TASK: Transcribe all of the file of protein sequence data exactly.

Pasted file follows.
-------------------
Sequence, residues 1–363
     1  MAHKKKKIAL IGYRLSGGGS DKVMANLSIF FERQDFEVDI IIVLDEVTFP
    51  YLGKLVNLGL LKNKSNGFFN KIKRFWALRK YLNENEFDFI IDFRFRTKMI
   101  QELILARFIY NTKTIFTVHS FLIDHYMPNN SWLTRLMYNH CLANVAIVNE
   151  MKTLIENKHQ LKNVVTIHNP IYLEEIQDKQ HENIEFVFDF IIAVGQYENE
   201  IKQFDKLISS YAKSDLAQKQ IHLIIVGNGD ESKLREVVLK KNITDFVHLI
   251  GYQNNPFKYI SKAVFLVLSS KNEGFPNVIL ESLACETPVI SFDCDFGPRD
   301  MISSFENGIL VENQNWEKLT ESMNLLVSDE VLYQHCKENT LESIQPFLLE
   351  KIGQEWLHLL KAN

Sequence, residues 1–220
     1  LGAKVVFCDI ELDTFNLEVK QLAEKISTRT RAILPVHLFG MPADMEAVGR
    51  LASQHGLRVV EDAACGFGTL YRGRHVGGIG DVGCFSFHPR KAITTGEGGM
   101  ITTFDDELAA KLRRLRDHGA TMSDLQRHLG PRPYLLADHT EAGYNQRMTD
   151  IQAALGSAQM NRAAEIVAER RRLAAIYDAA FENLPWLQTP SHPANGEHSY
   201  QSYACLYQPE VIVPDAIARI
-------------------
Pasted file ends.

Sequence, residues 1–363
     1  MAHKKKKIAL IGYRLSGGGS DKVMANLSIF FERQDFEVDI IIVLDEVTFP
    51  YLGKLVNLGL LKNKSNGFFN KIKRFWALRK YLNENEFDFI IDFRFRTKMI
   101  QELILARFIY NTKTIFTVHS FLIDHYMPNN SWLTRLMYNH CLANVAIVNE
   151  MKTLIENKHQ LKNVVTIHNP IYLEEIQDKQ HENIEFVFDF IIAVGQYENE
   201  IKQFDKLISS YAKSDLAQKQ IHLIIVGNGD ESKLREVVLK KNITDFVHLI
   251  GYQNNPFKYI SKAVFLVLSS KNEGFPNVIL ESLACETPVI SFDCDFGPRD
   301  MISSFENGIL VENQNWEKLT ESMNLLVSDE VLYQHCKENT LESIQPFLLE
   351  KIGQEWLHLL KAN

Sequence, residues 1–220
     1  LGAKVVFCDI ELDTFNLEVK QLAEKISTRT RAILPVHLFG MPADMEAVGR
    51  LASQHGLRVV EDAACGFGTL YRGRHVGGIG DVGCFSFHPR KAITTGEGGM
   101  ITTFDDELAA KLRRLRDHGA TMSDLQRHLG PRPYLLADHT EAGYNQRMTD
   151  IQAALGSAQM NRAAEIVAER RRLAAIYDAA FENLPWLQTP SHPANGEHSY
   201  QSYACLYQPE VIVPDAIARI